Quarrying for gravel has a number of negative impact that affect the integrity of the environment including degradation of ecosystems. The removal of vegetation reduces the ecology of a site and exposes it to other environmental factors such as soil erosion that may exacerbate the negative impacts already caused. However, efforts have been made worldwide to reduce these negative impacts through reclamation by re-contouring and re-vegetation (Cripps et al., 2004). In both cases, natural succession will occur, re-establishing native vegetation on the sites. This happens through species colonization, spreading, displacement and replacement over time until climax species are established (Davis et al., 1985). These processes happen as the quarry soils change overtime due to weathering and other physical, chemical and biological processes fed by pioneer species, (Legwaila, 2012). Under natural succession, establishment of vegetation on disturbed land is dependent on the availability of a seed bank from vegetation adjacent to a disturbed site. Landform and soil characteristics may also have an impact on establishment of vegetation (Davy, 2008). Landform in disturbed land may experience accelerated erosion and runoff, inhibited infiltration and unfavourable micro climatic conditions, all of which have a negative effect on the natural recovery processes of disturbed land (Whisenant, 2008). Where topsoil has been replaced after decommissioning of a borrow pit, the soil is expected to carry numerous seeds of plant species from the local environment. However, it generally takes longer for environmental impacts to decrease and for desired outcomes to be achieved under natural succession than under technical reclamation and there will always be left over impacts regardless of the type of reclamation interventions (Figure 1). When technical re-vegetation is undertaken, the process may occur more rapidly resulting in more rapid re-vegetation.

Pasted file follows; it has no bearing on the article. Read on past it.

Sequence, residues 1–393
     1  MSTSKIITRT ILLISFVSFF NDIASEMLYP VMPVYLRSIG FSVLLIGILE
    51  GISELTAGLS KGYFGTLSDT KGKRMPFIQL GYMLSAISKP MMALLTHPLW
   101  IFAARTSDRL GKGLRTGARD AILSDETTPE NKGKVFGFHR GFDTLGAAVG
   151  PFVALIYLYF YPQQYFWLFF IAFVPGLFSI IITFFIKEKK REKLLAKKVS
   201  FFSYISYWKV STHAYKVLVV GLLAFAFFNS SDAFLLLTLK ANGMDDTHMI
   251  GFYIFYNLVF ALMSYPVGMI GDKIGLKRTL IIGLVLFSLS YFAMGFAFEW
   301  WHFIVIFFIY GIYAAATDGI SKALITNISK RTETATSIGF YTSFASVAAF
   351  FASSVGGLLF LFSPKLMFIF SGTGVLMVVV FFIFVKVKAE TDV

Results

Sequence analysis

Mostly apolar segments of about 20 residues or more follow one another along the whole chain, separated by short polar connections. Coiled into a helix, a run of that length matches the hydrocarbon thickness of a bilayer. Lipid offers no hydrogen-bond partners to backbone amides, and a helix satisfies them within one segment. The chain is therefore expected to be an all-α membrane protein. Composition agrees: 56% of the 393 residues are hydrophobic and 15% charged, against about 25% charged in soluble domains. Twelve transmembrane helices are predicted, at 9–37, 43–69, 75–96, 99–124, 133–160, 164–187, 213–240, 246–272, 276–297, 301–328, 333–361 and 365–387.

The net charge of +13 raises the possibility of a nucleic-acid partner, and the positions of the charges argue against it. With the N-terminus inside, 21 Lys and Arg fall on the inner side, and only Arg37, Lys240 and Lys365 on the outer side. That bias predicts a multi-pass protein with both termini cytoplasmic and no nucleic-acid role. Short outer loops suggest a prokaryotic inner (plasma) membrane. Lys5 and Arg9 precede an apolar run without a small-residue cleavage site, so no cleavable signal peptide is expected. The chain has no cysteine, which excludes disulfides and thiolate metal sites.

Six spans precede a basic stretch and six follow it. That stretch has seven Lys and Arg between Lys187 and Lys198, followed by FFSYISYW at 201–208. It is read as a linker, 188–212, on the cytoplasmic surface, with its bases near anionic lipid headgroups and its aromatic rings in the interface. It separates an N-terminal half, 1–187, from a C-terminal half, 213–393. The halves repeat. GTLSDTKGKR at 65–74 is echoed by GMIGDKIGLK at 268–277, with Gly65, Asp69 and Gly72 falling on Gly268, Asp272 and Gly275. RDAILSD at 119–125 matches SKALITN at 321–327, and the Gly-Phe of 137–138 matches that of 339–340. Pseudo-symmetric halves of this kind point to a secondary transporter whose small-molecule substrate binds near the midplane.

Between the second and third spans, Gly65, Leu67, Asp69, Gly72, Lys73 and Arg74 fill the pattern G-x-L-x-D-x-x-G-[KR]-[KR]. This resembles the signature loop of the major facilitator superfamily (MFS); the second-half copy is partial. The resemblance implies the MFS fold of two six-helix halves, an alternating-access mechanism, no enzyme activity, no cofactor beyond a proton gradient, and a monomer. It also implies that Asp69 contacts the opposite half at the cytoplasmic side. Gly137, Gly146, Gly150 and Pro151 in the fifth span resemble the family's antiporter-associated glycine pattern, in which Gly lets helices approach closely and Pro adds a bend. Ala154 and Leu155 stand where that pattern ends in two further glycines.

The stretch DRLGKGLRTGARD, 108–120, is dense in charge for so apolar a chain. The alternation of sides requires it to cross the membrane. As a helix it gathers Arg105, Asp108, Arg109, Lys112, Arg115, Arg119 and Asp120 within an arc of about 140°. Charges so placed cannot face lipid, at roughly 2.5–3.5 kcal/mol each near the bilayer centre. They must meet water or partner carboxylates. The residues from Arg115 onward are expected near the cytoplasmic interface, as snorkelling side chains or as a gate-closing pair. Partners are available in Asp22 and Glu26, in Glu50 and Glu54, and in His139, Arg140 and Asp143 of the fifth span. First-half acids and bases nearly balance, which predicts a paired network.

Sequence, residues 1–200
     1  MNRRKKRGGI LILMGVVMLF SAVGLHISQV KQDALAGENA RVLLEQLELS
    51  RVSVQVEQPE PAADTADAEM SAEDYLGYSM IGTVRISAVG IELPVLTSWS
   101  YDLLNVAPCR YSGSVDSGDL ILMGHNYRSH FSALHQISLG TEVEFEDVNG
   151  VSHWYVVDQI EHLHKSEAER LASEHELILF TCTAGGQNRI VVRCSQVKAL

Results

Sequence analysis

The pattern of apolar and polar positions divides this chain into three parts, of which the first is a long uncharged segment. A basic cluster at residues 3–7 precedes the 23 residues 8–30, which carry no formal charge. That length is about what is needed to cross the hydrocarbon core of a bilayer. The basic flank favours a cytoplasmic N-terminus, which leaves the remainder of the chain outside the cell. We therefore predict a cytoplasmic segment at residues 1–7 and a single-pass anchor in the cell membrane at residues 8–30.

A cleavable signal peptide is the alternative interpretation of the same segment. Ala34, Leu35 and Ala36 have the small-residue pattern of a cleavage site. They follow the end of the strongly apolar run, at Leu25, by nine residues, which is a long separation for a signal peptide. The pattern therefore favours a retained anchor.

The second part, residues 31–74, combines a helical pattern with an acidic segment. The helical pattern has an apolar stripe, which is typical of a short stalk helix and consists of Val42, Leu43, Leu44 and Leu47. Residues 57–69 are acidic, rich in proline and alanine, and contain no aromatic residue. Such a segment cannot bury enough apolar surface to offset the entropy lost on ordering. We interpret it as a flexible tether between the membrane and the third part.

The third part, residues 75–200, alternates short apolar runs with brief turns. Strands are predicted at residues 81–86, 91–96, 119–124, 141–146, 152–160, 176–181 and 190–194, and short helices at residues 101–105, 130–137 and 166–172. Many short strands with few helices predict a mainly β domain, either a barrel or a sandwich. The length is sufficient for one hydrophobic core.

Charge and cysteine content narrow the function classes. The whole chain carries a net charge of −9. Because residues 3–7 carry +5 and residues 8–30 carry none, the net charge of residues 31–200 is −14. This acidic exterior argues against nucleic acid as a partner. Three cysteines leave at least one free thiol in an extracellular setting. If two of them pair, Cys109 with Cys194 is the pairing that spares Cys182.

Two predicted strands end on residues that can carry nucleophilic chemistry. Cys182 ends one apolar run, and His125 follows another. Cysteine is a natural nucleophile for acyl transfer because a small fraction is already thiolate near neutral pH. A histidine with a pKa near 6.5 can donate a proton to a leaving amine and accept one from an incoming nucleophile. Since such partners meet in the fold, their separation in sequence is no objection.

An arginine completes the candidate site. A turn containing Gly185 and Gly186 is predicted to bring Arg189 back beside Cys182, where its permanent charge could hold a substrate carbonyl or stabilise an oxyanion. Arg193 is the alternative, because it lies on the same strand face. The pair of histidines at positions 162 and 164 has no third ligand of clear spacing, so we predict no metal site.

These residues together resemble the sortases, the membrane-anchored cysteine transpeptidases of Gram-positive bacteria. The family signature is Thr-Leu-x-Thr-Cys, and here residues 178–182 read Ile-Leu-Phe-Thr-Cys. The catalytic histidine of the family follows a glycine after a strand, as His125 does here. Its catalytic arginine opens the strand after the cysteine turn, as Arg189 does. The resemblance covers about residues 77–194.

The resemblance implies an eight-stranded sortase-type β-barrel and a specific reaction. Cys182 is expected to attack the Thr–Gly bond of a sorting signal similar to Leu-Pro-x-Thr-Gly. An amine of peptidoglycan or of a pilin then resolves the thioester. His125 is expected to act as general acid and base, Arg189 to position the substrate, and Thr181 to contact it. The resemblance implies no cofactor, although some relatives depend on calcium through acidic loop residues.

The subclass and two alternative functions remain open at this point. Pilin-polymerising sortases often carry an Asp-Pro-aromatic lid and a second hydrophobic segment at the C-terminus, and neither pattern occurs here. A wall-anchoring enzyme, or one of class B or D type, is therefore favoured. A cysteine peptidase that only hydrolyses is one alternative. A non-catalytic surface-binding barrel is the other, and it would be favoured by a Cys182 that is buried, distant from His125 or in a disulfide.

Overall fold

Technical re-vegetation however, requires ameliorationof the quarry soils to support plant life as well as proper choice of plants which can survive the local conditions and provide the functions that are intended for the quarry after reclamation. This requires knowledge and selection of native species that are common to establish in disturbed land and be productive under less than normal conditions of quarry sites to ensure sustainability of the vegetation. It has been found in other studies that at times exotic species establish in decommissioned quarry sites, and has been concluded that they may have been introduced by humans (Davis et al., 2000). It has also been concluded that use of non-native species is “the second most important threat to biodiversity after habitat loss”, (Vermeulen and Whitten, 1999).